The Texas Rent Relief program, administered by the Texas Department of Housing and Community Affairs (TDHCA), closed its application portal in November 2021 after exhausting $2.5 billion in federal funding for Emergency Rental Assistance (ERA). TDHCA received an additional $48 million in reallocated ERA1 funds to continue to administer rent relief to low-income Texans, but not even this infusion was enough to serve all of the households in the application backlog, let alone re-open the application portal.
In the months since Texas Rent Relief’s closure, many of the state’s local programs – particularly those in large metro areas – have also closed after distributing all available funds. As of publishing, less than 20% of Texas’ low-income renter households live in an area where Emergency Rental Assistance is still available.
ERA Programs in Texas
ERA was an invaluable safety net that kept hundreds of thousands of Texans housed during the pandemic. However, the nearly $4 billion of ERA funds that the State of Texas and 37 localities received from the federal government was not enough to serve all of Texas’ low-income renters in need. As of April 2022, 85.4% of Texas’ ERA funds had been spent, but only about a quarter of the state’s eligible renter households had received ERA.
According to the U.S. Census Household Pulse survey, 14% of all renter households in Texas are behind on their rent and 28% of the households behind on rent reported being in fear of getting evicted in the next month. Eviction data from the Office of Court Administration (OCA) indicate that eviction case filings have been rising in Texas since ERA programs began closing down.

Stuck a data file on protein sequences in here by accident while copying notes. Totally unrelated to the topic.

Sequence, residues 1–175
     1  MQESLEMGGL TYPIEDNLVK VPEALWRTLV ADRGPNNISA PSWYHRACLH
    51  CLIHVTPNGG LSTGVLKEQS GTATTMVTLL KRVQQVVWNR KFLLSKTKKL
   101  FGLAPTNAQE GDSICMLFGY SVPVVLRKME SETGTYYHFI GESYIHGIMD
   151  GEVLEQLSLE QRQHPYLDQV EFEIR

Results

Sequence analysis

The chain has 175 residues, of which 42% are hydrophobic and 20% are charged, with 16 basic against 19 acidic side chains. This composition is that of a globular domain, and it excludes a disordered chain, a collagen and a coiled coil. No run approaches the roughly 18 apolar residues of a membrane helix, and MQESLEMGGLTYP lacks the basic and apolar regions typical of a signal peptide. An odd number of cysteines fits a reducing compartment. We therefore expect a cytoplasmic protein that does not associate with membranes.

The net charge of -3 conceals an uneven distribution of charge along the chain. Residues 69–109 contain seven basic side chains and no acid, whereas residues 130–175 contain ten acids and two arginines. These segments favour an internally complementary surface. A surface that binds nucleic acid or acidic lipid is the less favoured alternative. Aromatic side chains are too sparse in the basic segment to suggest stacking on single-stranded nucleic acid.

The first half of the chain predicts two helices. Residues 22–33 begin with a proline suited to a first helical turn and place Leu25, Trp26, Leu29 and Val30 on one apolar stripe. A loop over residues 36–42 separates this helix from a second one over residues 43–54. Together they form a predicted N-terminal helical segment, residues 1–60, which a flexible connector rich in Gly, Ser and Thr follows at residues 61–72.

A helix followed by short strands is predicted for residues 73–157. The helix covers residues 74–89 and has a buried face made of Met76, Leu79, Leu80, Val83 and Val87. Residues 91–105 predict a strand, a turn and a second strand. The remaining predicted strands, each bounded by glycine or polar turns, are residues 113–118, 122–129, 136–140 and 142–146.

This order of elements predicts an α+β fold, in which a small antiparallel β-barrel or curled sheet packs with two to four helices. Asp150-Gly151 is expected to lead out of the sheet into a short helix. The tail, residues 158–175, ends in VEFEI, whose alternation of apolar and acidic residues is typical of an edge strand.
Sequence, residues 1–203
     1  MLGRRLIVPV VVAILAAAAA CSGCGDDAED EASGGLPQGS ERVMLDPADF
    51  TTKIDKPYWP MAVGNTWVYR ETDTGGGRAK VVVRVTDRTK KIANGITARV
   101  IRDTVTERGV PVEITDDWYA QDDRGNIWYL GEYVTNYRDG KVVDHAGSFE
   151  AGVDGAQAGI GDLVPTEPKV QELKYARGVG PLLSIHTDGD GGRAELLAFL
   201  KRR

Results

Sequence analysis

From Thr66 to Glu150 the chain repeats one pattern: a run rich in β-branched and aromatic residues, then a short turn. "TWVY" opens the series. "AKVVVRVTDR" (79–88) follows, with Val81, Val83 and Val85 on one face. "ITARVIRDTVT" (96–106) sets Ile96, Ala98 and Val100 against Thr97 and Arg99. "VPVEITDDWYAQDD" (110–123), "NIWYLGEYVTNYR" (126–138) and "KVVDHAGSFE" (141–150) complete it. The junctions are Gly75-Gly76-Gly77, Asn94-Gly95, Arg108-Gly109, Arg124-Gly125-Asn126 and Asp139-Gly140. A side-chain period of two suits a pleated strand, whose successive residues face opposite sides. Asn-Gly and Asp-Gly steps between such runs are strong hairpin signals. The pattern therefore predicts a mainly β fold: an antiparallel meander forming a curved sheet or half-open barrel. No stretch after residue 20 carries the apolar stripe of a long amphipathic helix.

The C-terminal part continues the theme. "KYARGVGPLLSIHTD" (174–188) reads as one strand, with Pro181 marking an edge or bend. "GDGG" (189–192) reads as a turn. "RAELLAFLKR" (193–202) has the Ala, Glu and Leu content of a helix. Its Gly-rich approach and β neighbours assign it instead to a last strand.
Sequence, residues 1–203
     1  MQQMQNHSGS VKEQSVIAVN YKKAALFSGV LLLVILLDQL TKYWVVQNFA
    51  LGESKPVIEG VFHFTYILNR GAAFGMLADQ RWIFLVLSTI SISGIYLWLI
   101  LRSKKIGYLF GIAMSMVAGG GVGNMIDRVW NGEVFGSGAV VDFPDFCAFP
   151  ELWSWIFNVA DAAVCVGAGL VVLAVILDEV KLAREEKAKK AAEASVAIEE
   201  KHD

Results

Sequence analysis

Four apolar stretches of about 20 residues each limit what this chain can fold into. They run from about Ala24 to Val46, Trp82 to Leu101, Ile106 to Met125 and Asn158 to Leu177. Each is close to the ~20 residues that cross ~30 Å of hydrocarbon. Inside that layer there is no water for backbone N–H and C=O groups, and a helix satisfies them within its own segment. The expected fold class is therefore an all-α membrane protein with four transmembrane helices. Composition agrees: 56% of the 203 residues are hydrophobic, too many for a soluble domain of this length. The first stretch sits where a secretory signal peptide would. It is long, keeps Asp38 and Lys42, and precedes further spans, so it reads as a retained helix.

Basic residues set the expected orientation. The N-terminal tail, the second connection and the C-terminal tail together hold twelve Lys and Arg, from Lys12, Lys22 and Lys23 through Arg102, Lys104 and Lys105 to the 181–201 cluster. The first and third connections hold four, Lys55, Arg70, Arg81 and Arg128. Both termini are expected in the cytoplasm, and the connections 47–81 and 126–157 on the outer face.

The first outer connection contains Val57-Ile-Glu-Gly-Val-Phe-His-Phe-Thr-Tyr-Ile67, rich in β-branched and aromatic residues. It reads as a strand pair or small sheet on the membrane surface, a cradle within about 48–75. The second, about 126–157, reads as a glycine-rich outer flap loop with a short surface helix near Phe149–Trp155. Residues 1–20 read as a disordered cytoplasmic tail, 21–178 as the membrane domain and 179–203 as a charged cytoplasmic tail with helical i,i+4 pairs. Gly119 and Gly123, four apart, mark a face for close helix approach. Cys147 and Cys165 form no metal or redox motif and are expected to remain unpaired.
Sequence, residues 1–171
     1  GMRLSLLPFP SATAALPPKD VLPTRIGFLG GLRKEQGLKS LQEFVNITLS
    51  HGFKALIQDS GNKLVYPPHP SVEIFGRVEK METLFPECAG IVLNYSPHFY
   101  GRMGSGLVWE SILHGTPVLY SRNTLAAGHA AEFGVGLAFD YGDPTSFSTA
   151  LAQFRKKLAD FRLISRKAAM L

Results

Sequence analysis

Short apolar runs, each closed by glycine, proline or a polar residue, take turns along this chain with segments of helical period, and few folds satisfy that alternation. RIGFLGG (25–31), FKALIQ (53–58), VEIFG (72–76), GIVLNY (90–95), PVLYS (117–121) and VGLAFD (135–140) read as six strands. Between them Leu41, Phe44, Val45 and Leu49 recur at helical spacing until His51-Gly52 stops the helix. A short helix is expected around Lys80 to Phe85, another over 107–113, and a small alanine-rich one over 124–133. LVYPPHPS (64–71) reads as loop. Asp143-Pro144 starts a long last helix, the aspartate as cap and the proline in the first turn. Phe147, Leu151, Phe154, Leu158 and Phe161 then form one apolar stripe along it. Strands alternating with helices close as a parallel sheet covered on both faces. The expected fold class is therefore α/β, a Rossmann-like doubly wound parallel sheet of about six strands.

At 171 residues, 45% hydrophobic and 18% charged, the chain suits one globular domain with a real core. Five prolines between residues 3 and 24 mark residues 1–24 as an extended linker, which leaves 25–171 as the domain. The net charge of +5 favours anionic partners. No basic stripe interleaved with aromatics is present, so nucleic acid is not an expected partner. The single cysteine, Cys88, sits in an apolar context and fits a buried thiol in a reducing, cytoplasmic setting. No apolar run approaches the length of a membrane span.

The bottom line is that Texas needs more funding for rental assistance programs to address rising needs post-ERA. The Emergency Rental Assistance program was a monumental step in the direction of housing stability, but further steps need to be taken in order to promote long-term security. It is the responsibility of government to keep low-income community members housed not only through global emergencies like pandemics, but also the individual-level emergencies that are just as potentially devastating which happen on a daily basis. All levels of governments must step in and keep the momentum of ERA going.
- Local governments should supplement their ERA funds with local dollars in order to keep rental assistance programs running as federal funds dry up.
- The State of Texas should delegate the $3 billion of discretionary ARPA funds that are still unspent to Texas Rent Relief. Based on Texas Rent Relief’s previous spending, $3 billion could serve 462,320 households.
- Congress must enact a permanent rental assistance program in order to address a housing crisis that predated the pandemic and ensure long-term solutions at the federal level.
Over the past year, billions of federal, state, and local dollars have been spent on building an infrastructure for distributing rental assistance in Texas. It would be a waste of government resources and a disgrace for the low-income people for whom it has been a lifeline to allow it to disappear.